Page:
The Europeans are absolutely the biggest retail customers these days downtown, and they are spending like crazy."

But this could change, the dollar rose eight percent against the euro in the last month. Better grab those $10,000 silverware sets while you can.

But nativist shoppers, fear not - I heard nary a foreign tongue as I flipped through the sales rack at Gap.

Portland and L.A: Not Exactly Long-Lost Brothers

One of these cities is the perennial Cinderella to urban planners; the other the ugly sister who always crashes the party. One is the well-planned "City of Roses" (no, not Pasadena), a bastion of mass-transit and controlled development along the Columbia River while its gargantuan sister to the south eschews all such enlightened principles.

That's the gist at least from this paean to Portland in the LA Times today about what the city could learn from its lithe Northern cousin.

A few key differences between these two:

• The vast majority (90%) of job growth in Portland has been in the suburbs

• Portland is actually far less dense than LA

• It has a tiny population of immigrants and poor vis-a-vis LA

• The city is losing families and children and rivals San Francisco for having the lowest percentage of its population under the age of 18 of any major U.S. city.

And he doesn't mention Portland's greatest comparative advantage to LA: amazing beer!

One thing both cities have in common right now: two of the most dynamic music scenes in the country.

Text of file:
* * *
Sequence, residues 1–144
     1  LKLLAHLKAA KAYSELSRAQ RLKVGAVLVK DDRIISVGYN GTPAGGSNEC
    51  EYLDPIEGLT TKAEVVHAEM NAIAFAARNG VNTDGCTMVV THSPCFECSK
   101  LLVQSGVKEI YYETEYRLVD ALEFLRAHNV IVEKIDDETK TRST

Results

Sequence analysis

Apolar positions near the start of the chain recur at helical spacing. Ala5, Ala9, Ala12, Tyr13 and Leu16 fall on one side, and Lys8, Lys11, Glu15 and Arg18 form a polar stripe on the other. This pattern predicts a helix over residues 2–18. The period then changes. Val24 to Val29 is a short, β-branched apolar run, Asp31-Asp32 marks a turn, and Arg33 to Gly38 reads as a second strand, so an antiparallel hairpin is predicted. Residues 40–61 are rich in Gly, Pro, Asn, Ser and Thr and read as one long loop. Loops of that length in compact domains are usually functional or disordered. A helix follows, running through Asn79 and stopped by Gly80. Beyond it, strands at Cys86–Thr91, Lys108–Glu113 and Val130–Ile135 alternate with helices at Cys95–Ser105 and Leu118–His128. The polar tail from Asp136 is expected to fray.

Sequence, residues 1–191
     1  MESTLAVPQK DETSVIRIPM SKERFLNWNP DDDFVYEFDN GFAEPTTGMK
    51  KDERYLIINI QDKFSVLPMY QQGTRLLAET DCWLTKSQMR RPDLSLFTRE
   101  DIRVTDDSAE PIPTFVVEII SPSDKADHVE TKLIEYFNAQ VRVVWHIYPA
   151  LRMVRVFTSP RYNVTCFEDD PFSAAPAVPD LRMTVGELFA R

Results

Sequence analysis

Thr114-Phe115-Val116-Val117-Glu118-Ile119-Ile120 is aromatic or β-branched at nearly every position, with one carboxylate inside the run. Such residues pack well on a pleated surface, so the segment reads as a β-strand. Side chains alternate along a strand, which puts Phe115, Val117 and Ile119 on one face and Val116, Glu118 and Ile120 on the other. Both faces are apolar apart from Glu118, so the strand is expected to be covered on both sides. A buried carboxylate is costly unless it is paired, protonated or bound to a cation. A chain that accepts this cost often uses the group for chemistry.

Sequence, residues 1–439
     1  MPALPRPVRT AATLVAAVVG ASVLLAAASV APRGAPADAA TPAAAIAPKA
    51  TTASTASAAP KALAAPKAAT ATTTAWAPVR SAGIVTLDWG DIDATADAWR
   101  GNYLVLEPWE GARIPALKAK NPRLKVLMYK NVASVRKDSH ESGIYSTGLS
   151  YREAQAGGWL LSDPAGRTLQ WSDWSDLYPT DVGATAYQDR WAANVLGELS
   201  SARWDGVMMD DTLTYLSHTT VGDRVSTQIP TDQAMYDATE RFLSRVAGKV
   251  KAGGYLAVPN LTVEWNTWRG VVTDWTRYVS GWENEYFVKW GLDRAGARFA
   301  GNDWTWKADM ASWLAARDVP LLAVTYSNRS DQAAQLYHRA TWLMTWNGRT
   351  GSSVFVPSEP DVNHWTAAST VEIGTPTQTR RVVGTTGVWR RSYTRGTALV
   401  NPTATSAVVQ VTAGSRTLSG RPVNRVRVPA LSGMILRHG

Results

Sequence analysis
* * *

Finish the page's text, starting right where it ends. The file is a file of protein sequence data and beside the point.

Here's Joel Kotkin's piece about Portland a few years ago.

Chicago Condo Market Inertia

New home sales went down by a whopping 73 percent in the Windy City during the first six months of this year. But developers, anticipating high demand - especially for the condo market - have committed to keep building them. From the article in Crain's Chicago:

"Developers are building at a record pace, with 9,528 units scheduled to be finished by the end of next year, Appraisal Research says. Nearly 33% of those remain unsold, a high percentage but slightly better than the first quarter's 35%."

Income Chasm Growing in Massachusetts

Mirroring a national trend, the income gap is increasing in the Bay State. From the Boston Globe article:

"The gap between rich and poor has widened substantially in Massachusetts over the past two decades, according to a new study by the University of Massachusetts. Only those earning the highest incomes benefited from gains in technology, productivity, and globalization, while middle-class earnings stagnated and incomes for poor families plunged 15 percent."

Public Opinion Favoring a new New Deal?

According to this report by Greenberg Quinlan Rosner research, the American public is restive for "bold change." One of the key findings of the report is that: "Voters are looking for dramatic action. Just 35 percent of voters say we can solve America’s problems with minor changes, while nearly two-thirds believe it will take 'major changes' to bring about solutions." And these respondents look more favorably upon the political legacy of FDR, rather than Reagan, to affect that change.

This climate of political disenchantment is similar to the one that greeted FDR when he entered office. Americans had gone through 12 years of Republican administrations; they viewed Hoover as grim and ineffectual as a leader. His predecessor, President Coolidge, had a famous line that "the business of government is business" which did not exactly resonate with the masses in the fall of 1932. People were ready for boldness and a different approach to economics and government and they got it.